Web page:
No regrets from Cromwell after Toscana dispute

Tiffany Cromwell (AIS) has reiterated the stance held by the majority of the women’s teams competing in last week’s Giro della Toscana internazionale Femminile. The race saw only 49 finishers complete the last stage after 63, including Cromwell’s Orica-AIS team pulled out due to security and safety concerns.

Race leader Marianne Vos, and Italians Elisa Longo-Borghini and Giorgia Bronzini led the protest, saying that the “necessary conditions of security” were lacking. Only the leading group had police accompaniment, with the peloton forced to find its own way through the traffic.

“It’s the third year I’ve done the race but this year has been the worst. I was in the front group most days but the second you weren’t in the front group there was open traffic everywhere. There was traffic when warming up for the time trial and then on the first stage there were cars on the side of the roads that they’d just moved over,” Cromwell told Cyclingnews.

“The worst was on the next stage when we were coming around corners and there was a bus that we had to avoid just as we were coming around a corner. Nobody wanted to not start the race, but it was the only way to make a stand to say you can’t run the race like this.”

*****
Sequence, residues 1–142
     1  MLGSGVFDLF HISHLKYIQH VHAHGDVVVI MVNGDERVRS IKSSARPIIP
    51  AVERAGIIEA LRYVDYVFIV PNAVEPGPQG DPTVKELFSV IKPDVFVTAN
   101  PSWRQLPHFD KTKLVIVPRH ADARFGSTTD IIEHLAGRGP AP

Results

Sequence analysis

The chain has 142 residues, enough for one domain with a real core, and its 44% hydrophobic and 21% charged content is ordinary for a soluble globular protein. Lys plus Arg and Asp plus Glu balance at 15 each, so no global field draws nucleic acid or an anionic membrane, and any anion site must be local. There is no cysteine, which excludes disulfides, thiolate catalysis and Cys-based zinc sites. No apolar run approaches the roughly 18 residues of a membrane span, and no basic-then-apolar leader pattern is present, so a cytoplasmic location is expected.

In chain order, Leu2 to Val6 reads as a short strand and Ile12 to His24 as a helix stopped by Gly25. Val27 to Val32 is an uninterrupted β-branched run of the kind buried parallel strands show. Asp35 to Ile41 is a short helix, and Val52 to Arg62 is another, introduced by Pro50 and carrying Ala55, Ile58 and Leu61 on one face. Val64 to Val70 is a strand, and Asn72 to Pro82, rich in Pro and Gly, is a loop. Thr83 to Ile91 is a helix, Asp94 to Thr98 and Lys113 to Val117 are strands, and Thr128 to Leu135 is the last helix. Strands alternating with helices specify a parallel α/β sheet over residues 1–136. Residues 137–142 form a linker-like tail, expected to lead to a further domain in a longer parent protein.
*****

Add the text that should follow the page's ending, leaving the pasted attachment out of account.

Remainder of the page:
After the riders had made their protest, race patron Brunello Fanini issued a statement saying, “the race was fine. The protest is disgraceful and self-serving. The jury has spoken of a valid stage with no problems. The losers today are the so-called big names in cycling and women's racing in general.”

However Cromwell, who will compete in this week’s World Championships in Italy, stood by the majority’s decision not to race, and pointed towards a growing, more vocal stand taken by the women’s field.

“I think it’s good that we made a stand but it would have been better if it had been with all the teams. That’s the hardest thing with women’s cycling, it’s not like in men’s where they just would lose a bit of prize money. For us, some of the smaller teams are relying on starting races in order to make some money. We really just want to be heard and taken more seriously," she told Cyclingnews.

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